This leads to the most crucial part of the entire process — finding a
way to hold on to what you want to accomplish. Everyone is vying for the same
precious dollars so you must think in terms of how you’re going to prove
you need the money. Instead of taking a defensive approach, try these tips:
Build on previous programs. This is the simplest and easiest way to keep your
money intact because you can explain that the dollars are needed to continue
something already begun.
Do your homework and show ROI. Again, accountants love numbers, so the more
ROI you can show, the better off you’ll be. Remember, however, that ROI
isn’t always about the numbers, especially if you have adequate research
or feedback. For example, you don’t know whether your social media efforts
brought in any new business unless a new client tells you it did or you ask
the question. Yet, did social media make the firm more visible? You’ll
want to benchmark a survey before and after with your clients, prospects and
friends of the firm in order to know the answer to this … or you can go
on qualitative feedback. Still, the bottom line is to be prepared.
Develop Several Shoestring Programs. Your management will appreciate it when
you create a few shoestring marketing and PR programs that do not cost very
much money other than staff time. This shows you really considered the economy
and the marketplace in your thinking. Be careful, though, not to dwell too much
on shoestring low- or no-cost items. You don’t want to get a reputation
for spending little to no money because it will be very hard to ask for money
when you really do want it.
Get creative. I always encourage my clients to get creative when it comes to
developing their marketing and PR budgets. You don’t want to sacrifice
reality for creativity, but the more unique programs and activities you devise,
the more likely you’ll stand apart from the competition.
Find the one whopper and take a risk. There’s probably a few “amazing”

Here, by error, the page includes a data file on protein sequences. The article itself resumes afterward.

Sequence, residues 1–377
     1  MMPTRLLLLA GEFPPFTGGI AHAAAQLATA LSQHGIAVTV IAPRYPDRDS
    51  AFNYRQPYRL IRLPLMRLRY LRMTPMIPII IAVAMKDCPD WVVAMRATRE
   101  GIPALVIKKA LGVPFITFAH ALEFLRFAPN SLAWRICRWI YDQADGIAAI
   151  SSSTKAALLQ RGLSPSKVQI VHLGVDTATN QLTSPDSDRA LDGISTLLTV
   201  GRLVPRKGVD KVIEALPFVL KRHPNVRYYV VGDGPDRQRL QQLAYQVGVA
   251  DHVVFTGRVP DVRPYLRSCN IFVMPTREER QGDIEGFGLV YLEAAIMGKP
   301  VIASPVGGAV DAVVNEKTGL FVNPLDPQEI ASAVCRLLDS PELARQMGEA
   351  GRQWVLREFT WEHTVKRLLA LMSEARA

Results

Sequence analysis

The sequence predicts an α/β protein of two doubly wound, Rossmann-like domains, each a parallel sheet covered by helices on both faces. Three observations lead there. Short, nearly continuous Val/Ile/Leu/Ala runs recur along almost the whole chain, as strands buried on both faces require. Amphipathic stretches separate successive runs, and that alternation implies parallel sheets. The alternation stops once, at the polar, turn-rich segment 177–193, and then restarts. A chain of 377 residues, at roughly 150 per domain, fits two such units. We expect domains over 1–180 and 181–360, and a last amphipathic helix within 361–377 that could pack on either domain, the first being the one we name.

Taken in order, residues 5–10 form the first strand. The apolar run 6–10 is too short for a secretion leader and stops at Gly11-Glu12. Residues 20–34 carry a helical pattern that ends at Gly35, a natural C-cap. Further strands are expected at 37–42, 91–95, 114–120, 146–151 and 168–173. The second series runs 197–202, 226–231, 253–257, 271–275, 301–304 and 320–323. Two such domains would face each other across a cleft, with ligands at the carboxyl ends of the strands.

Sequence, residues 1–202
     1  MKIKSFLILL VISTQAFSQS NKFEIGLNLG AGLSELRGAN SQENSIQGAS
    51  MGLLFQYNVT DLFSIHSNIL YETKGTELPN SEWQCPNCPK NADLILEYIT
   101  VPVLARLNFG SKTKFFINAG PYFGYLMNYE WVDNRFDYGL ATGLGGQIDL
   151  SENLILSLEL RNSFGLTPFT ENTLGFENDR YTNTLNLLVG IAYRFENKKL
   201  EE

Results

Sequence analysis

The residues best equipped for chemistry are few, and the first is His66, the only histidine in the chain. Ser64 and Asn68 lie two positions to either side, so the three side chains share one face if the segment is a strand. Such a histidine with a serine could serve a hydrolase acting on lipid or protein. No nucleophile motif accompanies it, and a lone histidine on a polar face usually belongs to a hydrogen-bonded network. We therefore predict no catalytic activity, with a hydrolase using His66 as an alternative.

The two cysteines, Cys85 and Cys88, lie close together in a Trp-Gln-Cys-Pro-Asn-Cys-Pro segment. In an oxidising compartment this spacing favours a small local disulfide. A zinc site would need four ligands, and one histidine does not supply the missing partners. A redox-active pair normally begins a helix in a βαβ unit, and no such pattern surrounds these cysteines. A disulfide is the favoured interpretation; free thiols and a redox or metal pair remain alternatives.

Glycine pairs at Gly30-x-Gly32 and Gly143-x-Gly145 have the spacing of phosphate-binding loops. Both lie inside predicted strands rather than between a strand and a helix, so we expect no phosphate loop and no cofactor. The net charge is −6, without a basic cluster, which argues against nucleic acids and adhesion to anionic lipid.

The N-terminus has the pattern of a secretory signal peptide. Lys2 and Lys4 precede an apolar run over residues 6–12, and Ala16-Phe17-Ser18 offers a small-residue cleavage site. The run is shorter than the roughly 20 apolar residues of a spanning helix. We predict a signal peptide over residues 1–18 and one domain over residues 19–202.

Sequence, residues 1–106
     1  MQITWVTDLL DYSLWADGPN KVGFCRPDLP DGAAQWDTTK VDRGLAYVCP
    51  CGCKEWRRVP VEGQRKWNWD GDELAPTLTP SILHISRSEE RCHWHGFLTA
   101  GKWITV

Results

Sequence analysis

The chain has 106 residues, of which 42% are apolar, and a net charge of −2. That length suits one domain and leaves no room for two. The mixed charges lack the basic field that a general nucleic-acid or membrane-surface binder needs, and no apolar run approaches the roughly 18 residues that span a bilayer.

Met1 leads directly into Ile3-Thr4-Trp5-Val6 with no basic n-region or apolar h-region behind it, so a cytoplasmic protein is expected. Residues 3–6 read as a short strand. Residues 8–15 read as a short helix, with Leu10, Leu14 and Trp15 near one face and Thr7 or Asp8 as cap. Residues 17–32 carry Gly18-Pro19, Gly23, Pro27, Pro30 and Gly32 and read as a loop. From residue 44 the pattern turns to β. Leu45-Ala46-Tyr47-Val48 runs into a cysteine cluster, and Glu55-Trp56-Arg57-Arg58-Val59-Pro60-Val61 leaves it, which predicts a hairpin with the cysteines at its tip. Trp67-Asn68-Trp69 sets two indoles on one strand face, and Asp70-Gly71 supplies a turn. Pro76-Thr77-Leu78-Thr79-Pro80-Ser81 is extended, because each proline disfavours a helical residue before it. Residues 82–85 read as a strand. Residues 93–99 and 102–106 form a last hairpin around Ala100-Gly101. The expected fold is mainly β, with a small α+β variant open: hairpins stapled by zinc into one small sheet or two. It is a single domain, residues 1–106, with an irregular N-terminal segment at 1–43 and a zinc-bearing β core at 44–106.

items you want to tackle, but they may also be very risky. Here’s where
an accountant can really climb out of his or her comfortable space. Explain
why you want to fund the activity and be honest with your assumption that this
is risky. How will you know if it works unless you try it? Ask the question.
You may have to give up a sacred cow here and there, but the long-term benefits
may be worth it.
4. DON’T BACK DOWN & STAY IN THE GAME
Although we’re still in a tough economy, now is not the time for firms
and organizations to reduce their marketing budgets. Experts contend that it’s
far more beneficial to market your company in a recession because many other
firms take a back seat and don’t want to spend the money.
I hope these tips were helpful. I’d also be very interested to hear
your thoughts on how you handle budgets within your firm or company. You are
welcome to comment on this article, or send an email to my attention at email@example.com,
and I’ll run your responses in an upcoming blog entry on CPATechViews.com.
For more than 23 years, Scott H. Cytron, ABC, has worked with CPAs and accountants,
providing public relations, marketing and communications services, and teaches
firms how to use social media more effectively. Author of The CPA Technology
Advisor’s “MarketingWorks” column, he tweets, and is
on Facebook and LinkedIn. Contact him at firstname.lastname@example.org.